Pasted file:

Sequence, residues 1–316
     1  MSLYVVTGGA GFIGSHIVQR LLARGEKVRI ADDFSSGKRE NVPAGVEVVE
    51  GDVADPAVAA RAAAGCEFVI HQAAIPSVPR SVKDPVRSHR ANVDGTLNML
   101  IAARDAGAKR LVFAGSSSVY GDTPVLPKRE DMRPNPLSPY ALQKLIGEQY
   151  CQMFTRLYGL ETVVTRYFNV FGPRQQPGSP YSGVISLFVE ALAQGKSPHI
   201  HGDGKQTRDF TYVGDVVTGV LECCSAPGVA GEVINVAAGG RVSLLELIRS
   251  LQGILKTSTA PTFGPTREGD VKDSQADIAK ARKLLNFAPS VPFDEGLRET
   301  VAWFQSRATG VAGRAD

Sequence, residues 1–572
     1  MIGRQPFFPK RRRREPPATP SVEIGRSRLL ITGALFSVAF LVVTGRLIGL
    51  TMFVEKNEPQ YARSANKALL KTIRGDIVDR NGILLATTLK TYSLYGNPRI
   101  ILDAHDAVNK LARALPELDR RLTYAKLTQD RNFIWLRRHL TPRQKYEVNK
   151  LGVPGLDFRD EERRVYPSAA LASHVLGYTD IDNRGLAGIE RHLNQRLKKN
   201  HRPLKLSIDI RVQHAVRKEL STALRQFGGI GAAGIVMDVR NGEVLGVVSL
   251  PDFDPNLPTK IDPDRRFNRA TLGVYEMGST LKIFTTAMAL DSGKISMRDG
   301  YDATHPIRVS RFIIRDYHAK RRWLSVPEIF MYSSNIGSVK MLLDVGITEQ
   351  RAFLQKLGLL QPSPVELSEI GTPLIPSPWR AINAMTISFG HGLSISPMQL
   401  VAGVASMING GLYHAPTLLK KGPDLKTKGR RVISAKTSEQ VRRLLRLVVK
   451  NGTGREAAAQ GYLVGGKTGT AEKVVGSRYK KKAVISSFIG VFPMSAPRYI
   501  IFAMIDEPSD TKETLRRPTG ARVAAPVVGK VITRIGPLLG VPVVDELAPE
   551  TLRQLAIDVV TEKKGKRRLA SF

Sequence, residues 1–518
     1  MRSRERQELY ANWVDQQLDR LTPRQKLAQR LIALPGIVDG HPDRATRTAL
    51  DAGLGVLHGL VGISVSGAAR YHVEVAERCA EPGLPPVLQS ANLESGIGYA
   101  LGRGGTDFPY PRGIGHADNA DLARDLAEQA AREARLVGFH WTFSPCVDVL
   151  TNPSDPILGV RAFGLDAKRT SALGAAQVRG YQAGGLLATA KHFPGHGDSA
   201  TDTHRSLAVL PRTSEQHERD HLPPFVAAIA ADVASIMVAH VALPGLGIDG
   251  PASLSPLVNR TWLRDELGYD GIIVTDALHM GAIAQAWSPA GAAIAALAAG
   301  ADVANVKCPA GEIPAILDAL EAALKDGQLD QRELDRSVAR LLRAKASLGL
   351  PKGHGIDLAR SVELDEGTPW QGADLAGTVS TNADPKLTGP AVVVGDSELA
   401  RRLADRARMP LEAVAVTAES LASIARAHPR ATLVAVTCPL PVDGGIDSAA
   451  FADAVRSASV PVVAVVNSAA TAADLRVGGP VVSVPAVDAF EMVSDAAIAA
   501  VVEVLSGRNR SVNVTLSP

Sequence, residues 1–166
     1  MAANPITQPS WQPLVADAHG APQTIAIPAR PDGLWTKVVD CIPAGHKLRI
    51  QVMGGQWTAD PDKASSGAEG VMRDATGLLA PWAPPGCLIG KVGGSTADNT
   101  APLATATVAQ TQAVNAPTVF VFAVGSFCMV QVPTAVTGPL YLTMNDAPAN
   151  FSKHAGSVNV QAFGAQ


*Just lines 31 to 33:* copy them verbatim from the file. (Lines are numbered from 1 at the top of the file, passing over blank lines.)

   401  RRLADRARMP LEAVAVTAES LASIARAHPR ATLVAVTCPL PVDGGIDSAA
   451  FADAVRSASV PVVAVVNSAA TAADLRVGGP VVSVPAVDAF EMVSDAAIAA
   501  VVEVLSGRNR SVNVTLSP